If you’ve believed up to this point that video games are primarily the purview of gamer dudes, we don’t blame you. Video gaming IS (and has historically been) a male-dominated industry. That being said, the history of video gaming is probably less bro-heavy than you’ve been led to believe.
It’s unfortunate, but true: the many women who shaped the video game industry often go unacknowledged, hidden from popular narratives by male-centric scholarship and harmful “lone genius” myths. This year, for Women’s History Month, we’re aiming to set the record straight by shedding light on some of the most iconic, most influential, and most overlooked gamer girls throughout history.
Game: The Sumerian Game
For most of her life, Addis was a teacher dedicated to her love of history: she wrote historical articles and books and cultivated a love of history in the young minds she encountered. Then, in the 1960s, she was elected to work with IBM to create an educational game for her students.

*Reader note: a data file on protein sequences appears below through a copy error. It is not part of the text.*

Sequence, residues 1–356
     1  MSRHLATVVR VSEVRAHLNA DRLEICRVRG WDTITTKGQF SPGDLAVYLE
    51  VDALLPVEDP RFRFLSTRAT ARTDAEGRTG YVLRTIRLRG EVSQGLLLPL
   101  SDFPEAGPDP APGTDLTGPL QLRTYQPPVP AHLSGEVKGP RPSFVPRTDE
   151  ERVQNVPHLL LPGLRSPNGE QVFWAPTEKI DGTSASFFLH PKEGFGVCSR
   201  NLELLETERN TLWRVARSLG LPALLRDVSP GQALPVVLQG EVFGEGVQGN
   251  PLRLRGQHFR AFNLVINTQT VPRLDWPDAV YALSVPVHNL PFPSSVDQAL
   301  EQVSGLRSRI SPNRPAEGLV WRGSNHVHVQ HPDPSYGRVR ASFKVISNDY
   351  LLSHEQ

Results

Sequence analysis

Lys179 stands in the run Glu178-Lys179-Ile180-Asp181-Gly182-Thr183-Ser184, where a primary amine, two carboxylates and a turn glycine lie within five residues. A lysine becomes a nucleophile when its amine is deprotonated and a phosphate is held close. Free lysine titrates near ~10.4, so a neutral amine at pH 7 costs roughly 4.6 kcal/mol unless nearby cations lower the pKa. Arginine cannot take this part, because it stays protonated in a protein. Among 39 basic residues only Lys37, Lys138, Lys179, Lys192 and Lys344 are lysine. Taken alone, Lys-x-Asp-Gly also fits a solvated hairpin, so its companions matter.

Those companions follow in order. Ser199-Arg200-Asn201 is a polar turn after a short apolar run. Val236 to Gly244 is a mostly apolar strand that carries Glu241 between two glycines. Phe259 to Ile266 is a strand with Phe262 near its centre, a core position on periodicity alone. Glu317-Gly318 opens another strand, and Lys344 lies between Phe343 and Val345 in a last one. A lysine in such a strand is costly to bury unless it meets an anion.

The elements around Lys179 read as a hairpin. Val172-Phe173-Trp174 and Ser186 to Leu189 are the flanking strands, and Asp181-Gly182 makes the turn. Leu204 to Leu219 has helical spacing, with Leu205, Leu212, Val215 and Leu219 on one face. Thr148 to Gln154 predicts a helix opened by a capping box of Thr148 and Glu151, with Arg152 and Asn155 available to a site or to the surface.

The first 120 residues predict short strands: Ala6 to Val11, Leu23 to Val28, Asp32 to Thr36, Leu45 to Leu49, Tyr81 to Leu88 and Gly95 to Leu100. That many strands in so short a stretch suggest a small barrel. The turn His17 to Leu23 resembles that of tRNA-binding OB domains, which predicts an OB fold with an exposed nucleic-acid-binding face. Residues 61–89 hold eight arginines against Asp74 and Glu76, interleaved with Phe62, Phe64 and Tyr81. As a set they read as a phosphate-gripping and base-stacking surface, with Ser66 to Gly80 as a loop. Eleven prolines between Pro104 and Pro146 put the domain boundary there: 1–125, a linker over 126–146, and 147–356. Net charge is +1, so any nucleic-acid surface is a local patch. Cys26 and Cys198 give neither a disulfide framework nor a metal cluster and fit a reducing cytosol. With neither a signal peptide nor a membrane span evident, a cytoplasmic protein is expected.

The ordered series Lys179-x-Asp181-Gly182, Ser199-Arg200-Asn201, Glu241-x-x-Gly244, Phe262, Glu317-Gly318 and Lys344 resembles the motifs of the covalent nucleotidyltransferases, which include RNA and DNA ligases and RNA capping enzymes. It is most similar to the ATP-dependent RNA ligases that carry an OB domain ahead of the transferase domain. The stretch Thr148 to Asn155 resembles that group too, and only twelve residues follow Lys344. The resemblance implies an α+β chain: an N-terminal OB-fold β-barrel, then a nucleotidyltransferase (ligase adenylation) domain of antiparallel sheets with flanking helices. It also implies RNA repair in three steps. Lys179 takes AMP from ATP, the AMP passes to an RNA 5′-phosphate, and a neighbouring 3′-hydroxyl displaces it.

What resulted was a text-based strategy game called The Sumerian Game, the first-ever video game created for a computer, making Addis the first person (not the first woman — the first PERSON!) to write a computer video game. It’s important that we mention the date here — The Sumerian Game was released in 1964. 1964! That’s almost a full decade before either Pong or The Oregon Trail came onto the scene — both games that are often, erroneously, cited as the first computer video games.
Addis poured her historical passion and expertise into The Sumerian Game, setting it in Lagash a Mesopotamian city in the year 3500 BC, and casting the player as the ruler, who must decide how much grain to feed their people, what to do about rat infestations, and how much of their city’s funds to dedicate to land expansion. The first players of Addis’s groundbreaking game? Her students, of course!
Companies: Atari & Activision
Games: 3D Tic-Tac-Toe, Othello, Video Checkers, Super Breakout, River Raid, and Happy Trails